How to Stop Influencer Fraud Before It Starts

Opinion: Agencies have plenty of resources to apply against this growing issue


Last Saturday’s story in The New York Times, The Follower Factory, further exposed the serious issue of fraud that lurks within the influencer space on Twitter and other platforms, as well.

The story outed Devumi, a company with a fake Manhattan address that appears to make its money by generating fake followers for social media celebrities and influencers looking to boost their Twitter followings.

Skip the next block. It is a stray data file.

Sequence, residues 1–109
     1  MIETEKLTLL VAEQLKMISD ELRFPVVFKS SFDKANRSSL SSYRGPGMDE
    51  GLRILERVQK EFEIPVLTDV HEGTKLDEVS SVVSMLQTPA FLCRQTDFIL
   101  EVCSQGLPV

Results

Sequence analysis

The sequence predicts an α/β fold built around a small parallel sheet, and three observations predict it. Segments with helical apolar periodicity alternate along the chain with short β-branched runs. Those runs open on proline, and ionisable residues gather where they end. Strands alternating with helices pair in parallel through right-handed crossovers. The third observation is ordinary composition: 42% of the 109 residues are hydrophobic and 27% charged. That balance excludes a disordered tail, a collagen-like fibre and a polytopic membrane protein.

New York State Attorney General Eric Schneiderman promptly opened an investigation into Devumi’s business practices and was quoted as saying, “The internet should be one of the greatest tools for democracy—but it’s increasingly being turned into an opaque, pay-to-play playground.”

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